The Standard Big Bang (SBB) model of the universe is that the universe, including time, space, and matter, came into being at a single point 13.8 Bya. From the standpoint of General Relativity, the theory of gravity of Einstein, space itself was compressed into that point. As time began, space began to expand carrying matter with it as it went. This process is still going on and we know this because when we observe distant galaxies, they are all moving away from us. More over, the farther away a galaxy is, the faster away from us it is moving. That is consistent with a theory of the universe where space is expanding. The more space there is between two points the faster they can be moving apart. The standard example of this is a set of dots on a balloon. Blow up the balloon and all the dots move apart. The dots further apart from each other move apart faster.
Where is the center of the universe?
The center of the universe, where the Big Bang happened is, for us, not anywhere in space, but at a point in time, t=0, at the Big Bang. The balloon analogy is helpful here because the center of the balloon, of course, is not on the balloon. Space, therefore, is like the surface of the balloon with one additional dimension, so it is 3 dimensions instead of 2. The past is like the interior.
Black holes, on the other hand, have their centers at a point in space, r=0 in coordinates centered on the black hole singularity. Thus, they are fundamentally different from the Big Bang singularity.
So how can we be inside a black hole?
One of the odd features of general relativity is its ability to bend space and time to the point where time and space can exchange places. Formally, this is where the signature of the spacetime metric changes in General Relativity.
The metric is what tells us how space and time behave and what distances mean at any given point. Intense concentrations of matter can warp space and time so that the metric changes what space and time mean for different observers.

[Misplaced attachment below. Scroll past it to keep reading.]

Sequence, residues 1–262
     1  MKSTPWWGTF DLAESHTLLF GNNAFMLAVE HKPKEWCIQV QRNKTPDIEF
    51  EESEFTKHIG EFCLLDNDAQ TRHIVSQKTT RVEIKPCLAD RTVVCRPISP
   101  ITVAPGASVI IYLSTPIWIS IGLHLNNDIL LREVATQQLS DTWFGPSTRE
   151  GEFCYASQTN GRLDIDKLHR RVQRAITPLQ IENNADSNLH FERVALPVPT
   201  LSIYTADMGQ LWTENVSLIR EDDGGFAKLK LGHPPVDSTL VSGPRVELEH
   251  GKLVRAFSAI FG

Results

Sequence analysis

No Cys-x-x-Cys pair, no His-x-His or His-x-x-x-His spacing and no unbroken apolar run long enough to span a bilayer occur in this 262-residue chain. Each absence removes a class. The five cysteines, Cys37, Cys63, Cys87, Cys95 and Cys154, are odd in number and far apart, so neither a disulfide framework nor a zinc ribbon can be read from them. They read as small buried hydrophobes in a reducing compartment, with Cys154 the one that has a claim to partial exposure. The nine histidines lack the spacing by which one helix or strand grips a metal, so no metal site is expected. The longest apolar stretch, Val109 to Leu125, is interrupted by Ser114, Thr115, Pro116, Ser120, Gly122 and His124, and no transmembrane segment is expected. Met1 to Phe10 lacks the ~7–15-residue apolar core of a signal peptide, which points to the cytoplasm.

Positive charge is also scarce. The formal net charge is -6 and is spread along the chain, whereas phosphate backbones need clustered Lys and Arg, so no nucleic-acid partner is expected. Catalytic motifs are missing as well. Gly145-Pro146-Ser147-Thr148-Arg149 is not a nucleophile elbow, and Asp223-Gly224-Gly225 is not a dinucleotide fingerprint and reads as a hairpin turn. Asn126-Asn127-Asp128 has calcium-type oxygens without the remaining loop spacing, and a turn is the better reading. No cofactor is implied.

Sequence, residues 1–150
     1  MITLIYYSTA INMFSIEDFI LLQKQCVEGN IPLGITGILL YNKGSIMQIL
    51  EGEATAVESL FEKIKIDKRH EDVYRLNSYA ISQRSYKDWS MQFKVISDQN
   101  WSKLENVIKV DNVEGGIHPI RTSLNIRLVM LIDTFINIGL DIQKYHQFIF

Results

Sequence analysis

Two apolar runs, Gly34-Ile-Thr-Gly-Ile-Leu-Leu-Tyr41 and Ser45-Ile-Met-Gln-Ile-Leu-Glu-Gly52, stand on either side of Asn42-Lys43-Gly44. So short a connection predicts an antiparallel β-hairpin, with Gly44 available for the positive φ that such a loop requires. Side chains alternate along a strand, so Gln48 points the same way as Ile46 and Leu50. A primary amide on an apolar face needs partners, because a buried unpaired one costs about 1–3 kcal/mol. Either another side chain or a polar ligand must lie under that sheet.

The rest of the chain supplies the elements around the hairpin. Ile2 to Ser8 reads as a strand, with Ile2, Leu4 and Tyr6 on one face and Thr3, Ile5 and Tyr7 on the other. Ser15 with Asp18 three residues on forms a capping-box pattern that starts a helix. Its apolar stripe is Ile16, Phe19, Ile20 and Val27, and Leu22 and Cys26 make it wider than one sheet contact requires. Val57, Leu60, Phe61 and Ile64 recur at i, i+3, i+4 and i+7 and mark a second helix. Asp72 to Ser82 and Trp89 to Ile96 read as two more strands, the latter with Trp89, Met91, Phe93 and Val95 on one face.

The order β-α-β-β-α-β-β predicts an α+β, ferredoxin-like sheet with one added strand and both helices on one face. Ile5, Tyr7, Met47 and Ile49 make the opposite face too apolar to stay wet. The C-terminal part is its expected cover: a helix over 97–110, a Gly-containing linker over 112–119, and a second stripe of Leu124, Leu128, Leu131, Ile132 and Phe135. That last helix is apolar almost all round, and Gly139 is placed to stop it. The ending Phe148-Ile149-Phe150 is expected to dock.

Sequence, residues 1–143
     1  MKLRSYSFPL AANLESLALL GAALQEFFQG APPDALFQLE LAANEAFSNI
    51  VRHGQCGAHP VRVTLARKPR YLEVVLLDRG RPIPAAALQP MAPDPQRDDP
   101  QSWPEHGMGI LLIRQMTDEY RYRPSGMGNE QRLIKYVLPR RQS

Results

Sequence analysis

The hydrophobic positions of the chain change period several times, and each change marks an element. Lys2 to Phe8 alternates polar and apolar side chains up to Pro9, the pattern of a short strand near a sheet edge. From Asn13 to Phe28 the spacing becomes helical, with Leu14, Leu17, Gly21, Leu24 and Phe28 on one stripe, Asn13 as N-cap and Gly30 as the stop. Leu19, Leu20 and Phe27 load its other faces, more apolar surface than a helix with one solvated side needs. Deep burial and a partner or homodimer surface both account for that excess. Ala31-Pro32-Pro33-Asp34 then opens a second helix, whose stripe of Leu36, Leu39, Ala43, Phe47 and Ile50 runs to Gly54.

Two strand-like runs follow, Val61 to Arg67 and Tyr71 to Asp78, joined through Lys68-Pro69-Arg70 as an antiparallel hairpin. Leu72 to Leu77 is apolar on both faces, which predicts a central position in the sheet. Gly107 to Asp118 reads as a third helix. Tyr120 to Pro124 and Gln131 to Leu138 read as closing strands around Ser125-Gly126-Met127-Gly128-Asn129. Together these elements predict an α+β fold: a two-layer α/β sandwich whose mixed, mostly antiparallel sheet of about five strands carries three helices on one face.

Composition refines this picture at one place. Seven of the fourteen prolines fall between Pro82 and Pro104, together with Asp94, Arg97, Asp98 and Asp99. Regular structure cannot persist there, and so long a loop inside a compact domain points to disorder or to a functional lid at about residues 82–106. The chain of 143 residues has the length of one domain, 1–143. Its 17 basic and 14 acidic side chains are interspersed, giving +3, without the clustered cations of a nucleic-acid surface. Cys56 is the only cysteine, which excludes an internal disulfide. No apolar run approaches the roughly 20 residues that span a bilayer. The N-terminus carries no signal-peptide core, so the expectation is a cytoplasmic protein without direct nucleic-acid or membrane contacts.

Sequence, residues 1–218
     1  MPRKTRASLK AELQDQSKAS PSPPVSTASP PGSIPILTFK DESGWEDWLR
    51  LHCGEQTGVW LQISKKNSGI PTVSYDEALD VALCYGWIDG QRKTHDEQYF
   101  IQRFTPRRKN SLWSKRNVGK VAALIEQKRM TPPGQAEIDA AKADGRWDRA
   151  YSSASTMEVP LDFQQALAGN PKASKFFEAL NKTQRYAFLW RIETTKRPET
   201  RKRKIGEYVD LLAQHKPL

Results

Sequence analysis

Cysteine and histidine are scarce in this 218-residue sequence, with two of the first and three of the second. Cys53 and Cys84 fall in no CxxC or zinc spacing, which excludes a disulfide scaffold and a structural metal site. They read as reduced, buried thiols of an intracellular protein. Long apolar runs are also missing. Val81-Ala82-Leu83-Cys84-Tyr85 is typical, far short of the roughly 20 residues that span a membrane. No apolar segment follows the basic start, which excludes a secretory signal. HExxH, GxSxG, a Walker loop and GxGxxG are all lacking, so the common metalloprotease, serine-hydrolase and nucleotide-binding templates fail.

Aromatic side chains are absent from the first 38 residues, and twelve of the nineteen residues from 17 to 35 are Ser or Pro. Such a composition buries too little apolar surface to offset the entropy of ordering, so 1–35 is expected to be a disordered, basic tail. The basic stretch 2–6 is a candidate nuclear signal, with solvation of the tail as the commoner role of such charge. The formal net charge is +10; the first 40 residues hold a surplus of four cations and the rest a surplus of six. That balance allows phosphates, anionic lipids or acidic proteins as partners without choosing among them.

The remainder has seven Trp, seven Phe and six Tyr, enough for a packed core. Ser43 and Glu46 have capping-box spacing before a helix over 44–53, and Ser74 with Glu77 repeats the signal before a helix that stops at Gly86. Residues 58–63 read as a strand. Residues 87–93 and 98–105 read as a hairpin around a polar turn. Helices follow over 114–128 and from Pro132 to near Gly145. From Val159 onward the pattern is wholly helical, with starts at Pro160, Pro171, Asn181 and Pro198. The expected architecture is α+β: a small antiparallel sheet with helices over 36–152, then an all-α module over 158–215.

For an observer outside a black hole, called the far observer, the singularity is at a point in space. For the observer inside the event horizon, however, the sign of the r and t elements of the spacetime metric change places. Now, for the near observer, the singularity is at a point in time, some time in the future.
The BHBBT suggests that, at least for certain types of singularities, once matter reaches it, it enters a new universe where time at the singularity is the initial point of that universe.
To visualize this, imagine you are an ant crawling on a table. As you crawl along, you crawl down a slope. The slope gets steeper and steeper until it is completely vertical from the direction you were crawling in. Suddenly, it ends in a point. This is typical of how black holes are portrayed. But now, instead of ending in that point, it expands out again from the point, flaring into a cone. Through some miracle of quantum mechanics, you pass through the point and emerge into the cone. Now you are in a new universe perpendicular to the one you left.
Why is the BHBBT a good idea?
The BHBBT resolves some problems with the Standard Big Bang model of the formation of the universe. One of the problems with the SBB model is that it doesn’t explain why the universe is so homogeneous. When we look at pictures of the early universe by studying the Cosmic Microwave Background (CMB), for example, the universe looks as if it has been thoroughly mixed. This is sometimes called the horizon problem.
The Horizon Problem
The horizon problem is a problem with causality. The region over which the CMB is observed to be homogeneous is much larger than is possible for ordinary causality which is limited by the speed of light. The most popular solution to the problem is called the inflationary theory in which space expanded exponentially, carrying light and matter along with it so that everything got thoroughly mixed. You can think of it like God’s blender.